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(Pocket-lint) - The LG C1200 didn't strike us as a budget phone, but considering the multi-media heavy handsets surfing the crest of the 2.5G wave, we suppose it is. While bereft of camera and video capture, this lightweight flip is equipped with the standard 65k colour screen, java, MMS and polyphonic ringtones. While it won't generate its own media content, it will happily download, receive and forward it. Pictures support attached sound files too.

If you favour an easy to use, straightforward phone to call and text from, but with enough functionality to personalise and brighten up those dull moments, this could be just the ticket. This limited edition burgundy model is a treat for eyes and fingers alike. A traditional chrome housing is hidden within, comprising a tactile, well divided keypad.

In terms of size, this is an extremely well built piece of kit, especially when we consider the size. Thin clamshells have a reputation for being notoriously flimsy, but not so here. Durability is matched by weight. Even with the external aerial, its pocket friendly (82 x 44 x 23 mm) with a weight of 85g.

The saving in size by losing the camera is balanced by the saving on budget. Curiously, LG seem to have lost the front screen too. The vacant space on the front of the phone is filled with a mirror, containing a naff two-colour blinking service light. The same goes for the Orange LG C1100. While great for adjusting one's make-up, it looks a little odd. Not to be confused with big brother from LG, the G5400, which has a multi-colour screen in the space instead. Perhaps the C1200 is a budget phone after all.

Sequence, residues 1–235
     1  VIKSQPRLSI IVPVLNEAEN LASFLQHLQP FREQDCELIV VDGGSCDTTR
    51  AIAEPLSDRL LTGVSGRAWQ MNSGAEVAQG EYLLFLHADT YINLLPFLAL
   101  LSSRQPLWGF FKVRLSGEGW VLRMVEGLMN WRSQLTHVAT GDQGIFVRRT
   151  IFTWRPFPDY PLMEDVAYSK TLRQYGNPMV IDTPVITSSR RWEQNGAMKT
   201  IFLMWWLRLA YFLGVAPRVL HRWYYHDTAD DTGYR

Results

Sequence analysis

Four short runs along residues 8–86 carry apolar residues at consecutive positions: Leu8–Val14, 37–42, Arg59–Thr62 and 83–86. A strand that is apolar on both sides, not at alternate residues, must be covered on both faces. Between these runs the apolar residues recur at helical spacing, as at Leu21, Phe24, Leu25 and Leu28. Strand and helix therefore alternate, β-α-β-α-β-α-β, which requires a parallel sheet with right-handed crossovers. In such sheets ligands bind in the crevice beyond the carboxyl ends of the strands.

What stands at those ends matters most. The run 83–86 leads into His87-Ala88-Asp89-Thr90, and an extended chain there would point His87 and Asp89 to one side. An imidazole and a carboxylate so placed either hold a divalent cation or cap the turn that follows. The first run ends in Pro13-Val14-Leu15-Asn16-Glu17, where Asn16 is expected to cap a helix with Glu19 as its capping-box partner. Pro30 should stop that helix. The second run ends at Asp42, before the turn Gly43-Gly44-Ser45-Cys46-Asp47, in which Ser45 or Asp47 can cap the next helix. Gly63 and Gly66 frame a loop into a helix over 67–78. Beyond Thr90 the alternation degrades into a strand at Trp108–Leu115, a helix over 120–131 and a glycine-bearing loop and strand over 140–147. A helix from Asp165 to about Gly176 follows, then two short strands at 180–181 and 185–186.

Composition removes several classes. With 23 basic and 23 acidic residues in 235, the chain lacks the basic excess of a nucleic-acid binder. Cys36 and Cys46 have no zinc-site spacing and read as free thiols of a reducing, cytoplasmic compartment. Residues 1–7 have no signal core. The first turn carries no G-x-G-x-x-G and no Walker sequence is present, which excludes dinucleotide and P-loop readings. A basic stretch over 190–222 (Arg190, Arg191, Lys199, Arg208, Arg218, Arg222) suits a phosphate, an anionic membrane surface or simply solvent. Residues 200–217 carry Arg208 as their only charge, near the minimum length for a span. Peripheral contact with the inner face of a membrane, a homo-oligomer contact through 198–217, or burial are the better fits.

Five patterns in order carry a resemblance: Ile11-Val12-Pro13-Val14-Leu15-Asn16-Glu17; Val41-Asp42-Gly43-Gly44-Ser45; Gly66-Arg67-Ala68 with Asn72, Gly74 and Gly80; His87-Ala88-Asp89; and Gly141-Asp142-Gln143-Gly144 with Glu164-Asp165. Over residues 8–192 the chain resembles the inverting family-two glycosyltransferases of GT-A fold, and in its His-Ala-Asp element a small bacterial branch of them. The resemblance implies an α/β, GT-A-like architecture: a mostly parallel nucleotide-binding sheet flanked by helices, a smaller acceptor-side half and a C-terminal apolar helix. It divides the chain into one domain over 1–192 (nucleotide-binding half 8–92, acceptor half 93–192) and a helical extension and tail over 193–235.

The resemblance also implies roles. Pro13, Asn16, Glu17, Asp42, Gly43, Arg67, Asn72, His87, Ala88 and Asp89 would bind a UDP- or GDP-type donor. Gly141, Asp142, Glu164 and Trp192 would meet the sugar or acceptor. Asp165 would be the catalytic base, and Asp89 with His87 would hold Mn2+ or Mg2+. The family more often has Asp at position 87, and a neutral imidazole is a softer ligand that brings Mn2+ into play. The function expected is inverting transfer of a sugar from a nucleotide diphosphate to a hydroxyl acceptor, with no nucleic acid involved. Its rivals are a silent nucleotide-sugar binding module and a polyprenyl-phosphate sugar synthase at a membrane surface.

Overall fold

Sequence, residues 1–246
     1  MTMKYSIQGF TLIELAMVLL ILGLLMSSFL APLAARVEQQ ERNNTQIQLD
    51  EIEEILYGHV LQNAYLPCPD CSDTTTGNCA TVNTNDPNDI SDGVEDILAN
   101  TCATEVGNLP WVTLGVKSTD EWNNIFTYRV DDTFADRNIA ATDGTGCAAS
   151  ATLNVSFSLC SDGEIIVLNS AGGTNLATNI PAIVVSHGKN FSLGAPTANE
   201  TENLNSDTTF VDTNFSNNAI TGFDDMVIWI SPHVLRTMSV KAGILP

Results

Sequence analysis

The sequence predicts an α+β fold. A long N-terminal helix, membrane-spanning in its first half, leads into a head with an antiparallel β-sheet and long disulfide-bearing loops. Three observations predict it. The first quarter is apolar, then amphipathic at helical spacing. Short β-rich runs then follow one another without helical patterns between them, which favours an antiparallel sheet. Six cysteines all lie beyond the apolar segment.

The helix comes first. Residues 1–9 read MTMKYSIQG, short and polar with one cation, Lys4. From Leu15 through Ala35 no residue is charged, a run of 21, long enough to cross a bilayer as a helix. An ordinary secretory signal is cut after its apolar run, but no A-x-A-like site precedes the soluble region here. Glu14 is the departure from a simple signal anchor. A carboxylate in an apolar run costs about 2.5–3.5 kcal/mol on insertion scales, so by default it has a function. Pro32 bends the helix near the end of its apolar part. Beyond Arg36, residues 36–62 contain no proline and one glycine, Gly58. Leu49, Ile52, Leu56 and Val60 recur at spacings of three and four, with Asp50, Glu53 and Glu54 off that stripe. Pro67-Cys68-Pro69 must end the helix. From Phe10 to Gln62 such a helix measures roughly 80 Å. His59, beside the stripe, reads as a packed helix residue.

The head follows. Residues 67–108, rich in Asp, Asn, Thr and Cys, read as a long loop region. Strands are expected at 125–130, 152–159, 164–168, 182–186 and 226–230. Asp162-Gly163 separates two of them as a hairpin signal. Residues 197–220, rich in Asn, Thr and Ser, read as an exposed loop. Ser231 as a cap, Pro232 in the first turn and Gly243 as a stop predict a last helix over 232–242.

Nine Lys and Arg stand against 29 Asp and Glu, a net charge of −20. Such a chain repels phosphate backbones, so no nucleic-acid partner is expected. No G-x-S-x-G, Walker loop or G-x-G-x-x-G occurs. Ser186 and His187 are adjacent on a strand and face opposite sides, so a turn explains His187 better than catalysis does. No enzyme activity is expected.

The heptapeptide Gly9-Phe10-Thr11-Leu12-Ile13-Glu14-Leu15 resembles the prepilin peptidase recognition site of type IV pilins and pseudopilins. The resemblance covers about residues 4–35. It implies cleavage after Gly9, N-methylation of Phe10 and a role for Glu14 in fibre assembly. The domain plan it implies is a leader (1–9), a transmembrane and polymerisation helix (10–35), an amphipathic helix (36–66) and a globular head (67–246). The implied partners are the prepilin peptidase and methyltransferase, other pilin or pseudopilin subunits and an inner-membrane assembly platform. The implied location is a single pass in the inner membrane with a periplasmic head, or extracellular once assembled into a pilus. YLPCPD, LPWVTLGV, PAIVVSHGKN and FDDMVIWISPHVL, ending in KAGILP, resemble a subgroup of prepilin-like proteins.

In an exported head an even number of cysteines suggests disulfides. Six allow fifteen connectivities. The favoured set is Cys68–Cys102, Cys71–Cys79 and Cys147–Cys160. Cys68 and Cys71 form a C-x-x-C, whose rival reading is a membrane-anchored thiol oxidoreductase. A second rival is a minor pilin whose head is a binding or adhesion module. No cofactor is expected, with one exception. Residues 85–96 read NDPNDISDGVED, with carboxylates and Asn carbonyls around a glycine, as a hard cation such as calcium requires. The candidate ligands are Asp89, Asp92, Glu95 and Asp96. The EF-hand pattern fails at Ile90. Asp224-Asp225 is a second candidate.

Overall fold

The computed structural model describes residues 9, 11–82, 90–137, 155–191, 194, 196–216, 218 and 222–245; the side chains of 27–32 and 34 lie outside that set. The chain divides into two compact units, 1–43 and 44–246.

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Still, you get what you pay for and the C1200 can receive and forward pictures, as well as downloading them, and ring tones, should that be your cup of tea. Our model was kindly supplied by T-Mobile, with the obligatory host of downloads available from T-Zones. Service quality is, of course, dependent on service provider, but our unlocked model showed good results across the major networks in terms of connection speed, signal strength and a low drop out rate. The battery gives a good max 200 hours in standby and, due to the absence of camera, more than enough in the talk time stakes at up to 5hours Charge time is a little slow at 5 hours.


This is a great phone for those of us with a priority on calls and SMS. You won't feel left out on the multi-media front, the GPRS allows MMS exchange, although the WAP was annoying to configure.

All in all, a good phone, it's just the mirrored front that remains a bit of a mystery. A pleasing sign of the times that even simple phones can work this well.

This unit was kindly loaned to us by T-Mobile

Writing by Dan Leonard. Originally published on 1 August 2004.